Different factions of the abolitionist community are arguing about this question (here and here), which surprises me. You'd think the answer was obvious: of course men can be feminists. In fact, you'd think advocates for animals would reach that conclusion especially quickly, and in unison.
Background: I like to use the word "animalist" as a term for animal advocates who challenge traditional views about the moral status of non-human animals--whether they're utilitarian, rights-oriented, abolitionist, feminist care-oriented, etc. I think of the word "animalist" on the model of "feminist". Like feminists are strong advocates for women, aiming to lift women out of their traditional inferior role, animalists aim to raise the status of non-human animals. The parallel makes it particularly perplexing that anyone would doubt that men can be feminists. Human animals aren't just capable of being animalists--i.e. advocating strongly for non-human animals; they're the only animalists. Non-human animals obviously can't advocate for themselves, in any articulate and effective way. Humans' being members of the "oppressor class" clearly doesn't stop them from adopting an animalist mission and perspective. Sure, there are some limits on our ability to imagine what it is like to be a captive chicken, but that doesn't stop us humans from trying, and from being adamantly pro-chicken.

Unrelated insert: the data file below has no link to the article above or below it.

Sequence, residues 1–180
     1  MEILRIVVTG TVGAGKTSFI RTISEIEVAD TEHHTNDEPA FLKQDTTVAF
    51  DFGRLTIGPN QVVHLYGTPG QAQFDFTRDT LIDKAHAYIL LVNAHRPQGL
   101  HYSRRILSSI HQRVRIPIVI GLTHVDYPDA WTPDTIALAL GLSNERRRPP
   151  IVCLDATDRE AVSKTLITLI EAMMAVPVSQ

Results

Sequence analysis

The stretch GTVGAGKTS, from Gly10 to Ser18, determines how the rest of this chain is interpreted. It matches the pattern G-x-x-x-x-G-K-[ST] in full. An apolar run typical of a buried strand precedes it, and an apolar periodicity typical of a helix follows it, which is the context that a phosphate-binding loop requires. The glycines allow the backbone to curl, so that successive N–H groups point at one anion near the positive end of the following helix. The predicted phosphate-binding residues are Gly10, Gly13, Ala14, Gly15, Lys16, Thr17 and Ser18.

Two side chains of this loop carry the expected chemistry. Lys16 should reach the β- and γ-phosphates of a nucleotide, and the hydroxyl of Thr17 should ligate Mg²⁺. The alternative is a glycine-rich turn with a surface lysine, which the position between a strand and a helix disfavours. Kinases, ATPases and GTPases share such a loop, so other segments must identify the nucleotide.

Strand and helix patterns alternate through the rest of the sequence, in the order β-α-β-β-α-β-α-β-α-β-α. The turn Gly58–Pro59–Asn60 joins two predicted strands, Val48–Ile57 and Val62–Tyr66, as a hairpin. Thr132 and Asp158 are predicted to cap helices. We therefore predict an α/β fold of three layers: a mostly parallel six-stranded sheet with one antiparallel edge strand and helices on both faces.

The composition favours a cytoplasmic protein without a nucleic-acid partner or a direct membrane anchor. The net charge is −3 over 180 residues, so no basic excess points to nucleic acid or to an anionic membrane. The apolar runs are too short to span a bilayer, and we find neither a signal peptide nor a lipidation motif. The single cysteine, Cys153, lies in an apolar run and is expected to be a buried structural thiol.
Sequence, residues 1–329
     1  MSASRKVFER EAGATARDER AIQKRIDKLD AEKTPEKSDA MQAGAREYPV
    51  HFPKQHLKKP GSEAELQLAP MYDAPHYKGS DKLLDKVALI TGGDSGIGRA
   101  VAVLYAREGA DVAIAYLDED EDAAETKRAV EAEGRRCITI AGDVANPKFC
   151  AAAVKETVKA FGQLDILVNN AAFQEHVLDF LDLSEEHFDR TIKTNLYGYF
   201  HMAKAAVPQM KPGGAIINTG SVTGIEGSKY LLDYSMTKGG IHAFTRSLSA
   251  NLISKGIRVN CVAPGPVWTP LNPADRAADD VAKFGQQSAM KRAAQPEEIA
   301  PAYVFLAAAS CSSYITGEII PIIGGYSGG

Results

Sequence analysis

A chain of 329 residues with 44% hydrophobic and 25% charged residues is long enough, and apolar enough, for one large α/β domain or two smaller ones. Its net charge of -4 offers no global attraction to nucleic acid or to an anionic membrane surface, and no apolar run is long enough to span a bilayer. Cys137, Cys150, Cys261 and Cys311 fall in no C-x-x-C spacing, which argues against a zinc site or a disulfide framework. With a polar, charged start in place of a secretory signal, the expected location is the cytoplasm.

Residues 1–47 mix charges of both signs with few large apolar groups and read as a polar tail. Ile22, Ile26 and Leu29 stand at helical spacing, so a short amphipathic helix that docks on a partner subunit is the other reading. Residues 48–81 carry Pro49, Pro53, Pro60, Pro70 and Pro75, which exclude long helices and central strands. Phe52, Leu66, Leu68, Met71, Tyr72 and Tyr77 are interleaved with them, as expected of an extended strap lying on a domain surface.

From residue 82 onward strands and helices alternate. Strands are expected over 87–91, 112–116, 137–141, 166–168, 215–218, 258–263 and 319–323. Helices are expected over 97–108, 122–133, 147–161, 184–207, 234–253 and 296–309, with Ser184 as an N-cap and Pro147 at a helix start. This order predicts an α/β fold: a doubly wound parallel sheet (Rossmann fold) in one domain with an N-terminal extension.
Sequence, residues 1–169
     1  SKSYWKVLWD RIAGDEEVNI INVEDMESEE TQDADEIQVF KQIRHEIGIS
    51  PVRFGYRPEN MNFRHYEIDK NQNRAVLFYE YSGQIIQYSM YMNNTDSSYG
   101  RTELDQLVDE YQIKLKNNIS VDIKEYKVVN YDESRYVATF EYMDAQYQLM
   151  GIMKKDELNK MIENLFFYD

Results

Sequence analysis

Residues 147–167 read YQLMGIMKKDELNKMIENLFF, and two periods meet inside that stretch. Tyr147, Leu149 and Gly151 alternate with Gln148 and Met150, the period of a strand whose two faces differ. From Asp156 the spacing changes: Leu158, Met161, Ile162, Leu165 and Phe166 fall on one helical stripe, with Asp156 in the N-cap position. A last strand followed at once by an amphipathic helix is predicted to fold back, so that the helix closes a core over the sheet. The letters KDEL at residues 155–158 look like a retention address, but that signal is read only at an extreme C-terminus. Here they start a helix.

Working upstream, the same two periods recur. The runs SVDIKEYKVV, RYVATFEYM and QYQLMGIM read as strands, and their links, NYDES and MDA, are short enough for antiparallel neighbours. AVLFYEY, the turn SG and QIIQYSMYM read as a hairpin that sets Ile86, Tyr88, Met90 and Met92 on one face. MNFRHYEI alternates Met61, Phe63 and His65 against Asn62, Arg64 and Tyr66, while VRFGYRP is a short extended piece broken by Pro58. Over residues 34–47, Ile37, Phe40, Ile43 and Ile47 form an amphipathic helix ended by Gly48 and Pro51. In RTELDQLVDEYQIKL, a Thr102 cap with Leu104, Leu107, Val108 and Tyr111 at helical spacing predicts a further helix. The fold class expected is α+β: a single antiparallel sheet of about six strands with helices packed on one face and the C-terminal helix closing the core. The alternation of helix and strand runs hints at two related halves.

Likewise, surely, the man who advocates for women. A man can't know exactly what it's like to be a woman, but he's in no worse position (surely) than someone who tries to understand and advocate for chickens. If there are no male feminists, then there are no human animalists. All animalists should therefore immediately agree: since there are (obviously) human animalists, there can also be male feminists. I only wish there were more of them!